The value of combining curcumin and Boswellia

The activity of curcumin and Boswellia extracts individually has been well defined – and combining them is expected to promote their multi-target biological activity on inflammatory pathways. The diversity in the mechanism of action of these actives is expected to result in a complementary effect with additional positive health effects. Micellar solubilization of the combination of extracts (curcumin and Boswellia) also should result in a higher level of anti-inflammatory activity compared to their respective native forms.

A recent study has shown that combining liquid, micellar curcumin with Boswellia not only increased bioavailability, but also resulted in enhanced biological activity. [28]​ The combination was found to result in a significantly more potent anti-inflammatory effect as compared to effects seen with native and standalone extracts. Additional research is ongoing to further investigate the activity of the combined formula.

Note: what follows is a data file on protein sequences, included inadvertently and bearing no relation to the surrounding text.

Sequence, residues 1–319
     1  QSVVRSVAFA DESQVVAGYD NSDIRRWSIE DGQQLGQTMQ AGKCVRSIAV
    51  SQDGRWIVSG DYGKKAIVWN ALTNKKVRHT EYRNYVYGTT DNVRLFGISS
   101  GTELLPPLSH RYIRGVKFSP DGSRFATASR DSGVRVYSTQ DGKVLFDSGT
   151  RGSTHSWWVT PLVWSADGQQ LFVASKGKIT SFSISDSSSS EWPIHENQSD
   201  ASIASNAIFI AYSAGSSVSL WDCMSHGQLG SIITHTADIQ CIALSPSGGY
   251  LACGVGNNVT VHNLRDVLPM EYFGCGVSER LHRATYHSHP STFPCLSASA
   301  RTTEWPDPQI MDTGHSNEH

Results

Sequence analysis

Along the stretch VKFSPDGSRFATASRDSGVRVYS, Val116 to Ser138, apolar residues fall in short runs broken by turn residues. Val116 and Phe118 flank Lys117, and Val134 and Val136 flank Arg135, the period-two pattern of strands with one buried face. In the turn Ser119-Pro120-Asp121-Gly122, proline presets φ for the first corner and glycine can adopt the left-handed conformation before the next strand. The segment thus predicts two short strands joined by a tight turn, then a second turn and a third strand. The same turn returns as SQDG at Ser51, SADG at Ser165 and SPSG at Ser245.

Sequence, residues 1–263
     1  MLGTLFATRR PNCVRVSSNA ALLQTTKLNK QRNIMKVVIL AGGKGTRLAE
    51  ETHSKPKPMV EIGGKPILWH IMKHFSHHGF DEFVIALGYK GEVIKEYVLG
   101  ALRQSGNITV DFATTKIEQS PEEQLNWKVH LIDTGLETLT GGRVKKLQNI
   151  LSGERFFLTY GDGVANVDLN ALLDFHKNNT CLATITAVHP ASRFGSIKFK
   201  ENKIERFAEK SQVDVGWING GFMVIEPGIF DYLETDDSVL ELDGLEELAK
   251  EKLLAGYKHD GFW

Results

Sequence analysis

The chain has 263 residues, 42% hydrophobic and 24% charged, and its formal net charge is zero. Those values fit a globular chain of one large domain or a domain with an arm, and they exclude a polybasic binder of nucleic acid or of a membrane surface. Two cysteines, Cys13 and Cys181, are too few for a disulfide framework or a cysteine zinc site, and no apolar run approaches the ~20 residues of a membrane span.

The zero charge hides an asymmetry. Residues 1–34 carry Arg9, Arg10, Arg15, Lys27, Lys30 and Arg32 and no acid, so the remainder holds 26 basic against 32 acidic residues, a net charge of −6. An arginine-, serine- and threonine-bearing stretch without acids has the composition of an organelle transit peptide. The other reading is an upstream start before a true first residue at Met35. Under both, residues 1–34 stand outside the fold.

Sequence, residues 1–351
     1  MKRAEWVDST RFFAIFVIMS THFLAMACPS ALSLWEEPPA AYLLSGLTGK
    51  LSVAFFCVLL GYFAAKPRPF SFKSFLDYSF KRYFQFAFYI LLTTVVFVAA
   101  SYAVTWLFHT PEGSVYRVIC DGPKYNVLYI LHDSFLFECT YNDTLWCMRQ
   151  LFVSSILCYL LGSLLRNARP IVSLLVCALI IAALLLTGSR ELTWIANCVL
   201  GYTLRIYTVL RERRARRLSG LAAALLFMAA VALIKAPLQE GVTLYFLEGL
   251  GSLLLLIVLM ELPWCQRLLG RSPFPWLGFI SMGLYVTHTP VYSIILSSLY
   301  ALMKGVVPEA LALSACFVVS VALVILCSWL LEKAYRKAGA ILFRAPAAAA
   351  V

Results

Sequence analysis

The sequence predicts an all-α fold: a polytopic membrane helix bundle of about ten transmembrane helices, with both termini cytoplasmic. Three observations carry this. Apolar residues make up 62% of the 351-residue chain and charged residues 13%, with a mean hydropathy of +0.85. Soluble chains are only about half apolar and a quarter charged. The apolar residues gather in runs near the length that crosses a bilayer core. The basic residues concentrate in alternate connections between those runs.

NovaSOL Curcumin / Boswellia offers a potent, complementary formula of natural actives with high bioavailability. Its use is based in science and has been formulated to deliver optimal biological activity in a convenient dose form.



 [1] Laveti, D., Kumar, M., Hemalatha, R., Sistla, R., et al. Anti-inflammatory treatments for chronic diseases: a review. Inflamm. Allergy Drug Targets, 2013, 12, 349-361

[2]Lanas, A. Non-steroidal anti-inflammatory drugs and cyclooxgenase inhibition in the gastrointestinal tract: a trip from peptic ulcer to colon cancer. Am. J. Med. Sci. 2009, 338, 96- 106.